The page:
US President Barack Obama, right, and Israeli Prime Minister Benjamin Netanyahu hold a meeting in the Oval Office of the White House in Washington, DC, November 9, 2015. AFP/ SAUL LOEB)

Trump noted that he exited the Iran nuclear deal and said Obama, who brokered that agreement, “humiliated” Prime Minister Benjamin Netanyahu.

“I remember Bibi coming over and begging him, begging him to a point of humiliation that please don’t do the Iran deal,” Trump said. “He did it. I broke it, but he did it. And yet the Democrats get 75% sort of like habit. It’s automatic. I hope you can do better with that. I hope you can explain to people what’s going on.”

Jews traditionally vote in large numbers for the Democratic presidential nominee. A poll this week showed Joe Biden getting 67% of the Jewish vote and Trump 30%.

But Jewish voters in swing states, particularly Florida, could shift what may be a close election, and Trump signaled that he was mystified about why he would not command a larger share of the Jewish vote.

US President Donald Trump with, first lady Melania Trump, Vice President Mike Pence, from left, Jared Kushner and Ivanka Trump and their children Arabella Kushner and Joseph Kushner, applaud during a Hanukkah reception in the East Room of the White House on December 11, 2019, in Washington. (AP/Manuel Balce Ceneta)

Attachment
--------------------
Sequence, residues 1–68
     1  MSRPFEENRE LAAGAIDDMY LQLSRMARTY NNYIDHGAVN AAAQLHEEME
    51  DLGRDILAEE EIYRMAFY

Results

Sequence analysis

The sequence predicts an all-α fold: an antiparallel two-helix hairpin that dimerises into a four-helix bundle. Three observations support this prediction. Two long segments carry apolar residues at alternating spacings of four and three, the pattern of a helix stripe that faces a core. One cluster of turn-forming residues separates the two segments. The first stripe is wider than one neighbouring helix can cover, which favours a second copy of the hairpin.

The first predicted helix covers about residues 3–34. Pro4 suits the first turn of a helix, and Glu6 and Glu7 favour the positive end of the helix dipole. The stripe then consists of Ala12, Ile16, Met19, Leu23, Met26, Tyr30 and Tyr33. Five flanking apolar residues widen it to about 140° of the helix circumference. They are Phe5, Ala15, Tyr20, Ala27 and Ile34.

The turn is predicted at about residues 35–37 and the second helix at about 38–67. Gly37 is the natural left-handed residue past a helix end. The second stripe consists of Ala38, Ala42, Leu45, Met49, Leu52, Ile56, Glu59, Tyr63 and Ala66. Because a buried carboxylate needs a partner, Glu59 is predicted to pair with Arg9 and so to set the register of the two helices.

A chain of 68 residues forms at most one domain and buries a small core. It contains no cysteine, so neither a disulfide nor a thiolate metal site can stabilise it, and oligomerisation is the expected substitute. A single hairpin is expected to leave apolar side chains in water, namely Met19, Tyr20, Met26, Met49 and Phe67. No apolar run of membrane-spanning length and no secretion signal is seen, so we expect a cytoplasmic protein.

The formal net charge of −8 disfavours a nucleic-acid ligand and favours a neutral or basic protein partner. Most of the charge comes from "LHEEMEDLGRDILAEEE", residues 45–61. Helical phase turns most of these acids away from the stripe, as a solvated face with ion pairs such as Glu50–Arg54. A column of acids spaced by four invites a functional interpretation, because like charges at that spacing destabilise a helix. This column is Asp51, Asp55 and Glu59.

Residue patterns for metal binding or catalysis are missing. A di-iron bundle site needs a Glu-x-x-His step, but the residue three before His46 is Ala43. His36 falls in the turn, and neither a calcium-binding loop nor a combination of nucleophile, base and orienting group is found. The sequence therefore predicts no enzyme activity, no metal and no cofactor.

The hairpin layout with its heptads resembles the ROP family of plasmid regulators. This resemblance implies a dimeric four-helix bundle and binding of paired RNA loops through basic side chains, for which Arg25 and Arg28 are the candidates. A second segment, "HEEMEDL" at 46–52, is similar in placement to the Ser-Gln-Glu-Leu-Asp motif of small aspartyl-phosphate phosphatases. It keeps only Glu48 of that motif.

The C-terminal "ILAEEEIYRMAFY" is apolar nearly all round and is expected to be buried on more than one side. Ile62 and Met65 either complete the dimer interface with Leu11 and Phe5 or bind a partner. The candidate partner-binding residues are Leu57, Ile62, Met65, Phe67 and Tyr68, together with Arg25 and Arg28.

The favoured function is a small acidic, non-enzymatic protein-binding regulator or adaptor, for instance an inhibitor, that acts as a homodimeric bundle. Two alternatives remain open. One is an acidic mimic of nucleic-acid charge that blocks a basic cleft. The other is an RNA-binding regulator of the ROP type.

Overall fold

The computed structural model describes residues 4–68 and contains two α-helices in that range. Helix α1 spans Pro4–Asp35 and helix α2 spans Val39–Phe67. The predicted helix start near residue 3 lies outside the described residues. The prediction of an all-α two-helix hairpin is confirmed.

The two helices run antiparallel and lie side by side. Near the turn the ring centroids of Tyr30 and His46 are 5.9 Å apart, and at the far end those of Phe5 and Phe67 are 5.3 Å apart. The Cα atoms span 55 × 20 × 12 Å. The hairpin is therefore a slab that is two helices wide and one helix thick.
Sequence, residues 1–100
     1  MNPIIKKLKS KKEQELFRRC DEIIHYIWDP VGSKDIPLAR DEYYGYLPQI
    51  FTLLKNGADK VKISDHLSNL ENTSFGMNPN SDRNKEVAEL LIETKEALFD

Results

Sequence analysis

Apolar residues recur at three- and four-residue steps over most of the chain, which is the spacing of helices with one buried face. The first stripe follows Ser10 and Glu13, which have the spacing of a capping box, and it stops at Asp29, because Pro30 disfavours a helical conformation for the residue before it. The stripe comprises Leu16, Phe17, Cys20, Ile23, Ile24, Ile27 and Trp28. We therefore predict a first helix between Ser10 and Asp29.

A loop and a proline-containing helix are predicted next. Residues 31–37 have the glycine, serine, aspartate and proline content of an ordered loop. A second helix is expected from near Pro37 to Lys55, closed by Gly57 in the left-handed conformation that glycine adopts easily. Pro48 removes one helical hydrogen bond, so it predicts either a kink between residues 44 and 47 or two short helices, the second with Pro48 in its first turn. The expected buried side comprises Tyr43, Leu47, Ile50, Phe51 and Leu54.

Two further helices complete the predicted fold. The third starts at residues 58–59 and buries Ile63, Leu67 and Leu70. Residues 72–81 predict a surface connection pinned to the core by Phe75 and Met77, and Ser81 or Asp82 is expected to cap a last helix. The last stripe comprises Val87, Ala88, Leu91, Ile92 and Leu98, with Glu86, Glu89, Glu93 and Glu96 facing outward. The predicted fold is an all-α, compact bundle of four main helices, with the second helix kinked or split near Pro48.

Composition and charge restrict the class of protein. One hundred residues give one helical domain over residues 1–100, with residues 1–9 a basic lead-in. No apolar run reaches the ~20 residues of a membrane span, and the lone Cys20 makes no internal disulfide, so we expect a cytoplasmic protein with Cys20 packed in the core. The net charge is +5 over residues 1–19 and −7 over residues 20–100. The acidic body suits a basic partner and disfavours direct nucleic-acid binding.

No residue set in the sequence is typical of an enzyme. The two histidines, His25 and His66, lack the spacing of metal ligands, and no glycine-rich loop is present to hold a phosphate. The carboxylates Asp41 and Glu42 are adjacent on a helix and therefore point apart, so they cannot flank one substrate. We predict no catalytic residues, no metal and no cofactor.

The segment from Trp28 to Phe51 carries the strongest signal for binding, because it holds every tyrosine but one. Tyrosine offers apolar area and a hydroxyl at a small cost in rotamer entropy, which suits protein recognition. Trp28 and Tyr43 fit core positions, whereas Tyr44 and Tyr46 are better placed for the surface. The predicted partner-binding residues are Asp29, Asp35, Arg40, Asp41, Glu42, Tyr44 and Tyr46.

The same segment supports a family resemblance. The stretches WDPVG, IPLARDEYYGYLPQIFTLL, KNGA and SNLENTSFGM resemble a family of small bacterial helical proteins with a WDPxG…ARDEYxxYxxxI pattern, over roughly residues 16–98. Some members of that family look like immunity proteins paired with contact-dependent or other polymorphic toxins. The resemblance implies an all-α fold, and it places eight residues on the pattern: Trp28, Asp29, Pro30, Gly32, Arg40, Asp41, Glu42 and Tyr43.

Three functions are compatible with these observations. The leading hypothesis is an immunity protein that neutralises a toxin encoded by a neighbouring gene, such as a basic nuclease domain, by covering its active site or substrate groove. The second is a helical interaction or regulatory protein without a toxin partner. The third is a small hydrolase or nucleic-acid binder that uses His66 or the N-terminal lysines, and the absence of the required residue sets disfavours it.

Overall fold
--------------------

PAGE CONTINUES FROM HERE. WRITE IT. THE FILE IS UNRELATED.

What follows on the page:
“Which really amazes me, and I have to tell you, because I saw a poll that in the last election, I got 25% of the Jewish vote,” Trump said. “I’m amazed that it seems to be almost automatically a Democrat.”

“President Obama [was] the worst president, by far, that Israel has ever had in the United States… Yet the Democrats get 75%.”

“I hope you can do better with that [and] explain to people what’s going on,” Trump said. “We have to get more support from the Jewish people — for Israel… We have to be able, to do well on November 3, and I hope you can get everybody out there. Otherwise, everything that we’ve done, I think, could come undone and we wouldn’t like that.”

The president listed what his administration was doing for Israel, saying it paid $4.2 billion in annual assistance to the country. He appeared to be referring to the figure of $3.8 billion, which stems from a deal brokered by Trump’s predecessor, Barack Obama.

“We’re in the Middle East because of Israel,” Trump said, a position that appeared to be at odds with the myriad interests, including the free flow of oil, that the United States has in the region.

Prime Minister Benjamin Netanyahu holds a joint press conference with United States Vice President Joe Biden at the Prime Minister’s Office in Jerusalem, on March 9, 2016, during Biden’s official visit to Israel and the Palestinian Authority. (Amit Shabi/POOL)

The Biden campaign slammed Trump for his remarks.

“Trump’s inability to prevent himself from engaging in anti-Semitic stereotypes is disturbing and dangerous in its own right, but it is sadly no surprise. From calling Nazis and other racists ‘very fine people’ to repeatedly suggesting that Jewish Americans are somehow less than loyal to the United States of America, what remains astonishing is the silence of his supporters — especially those in our community,” said Aaron Keyak, Jewish Engagement Director at Biden for President.

“When Trump says to us that ‘we love your country also,’ we hear him loud and clear. So do the anti-Semites,” Keyak said.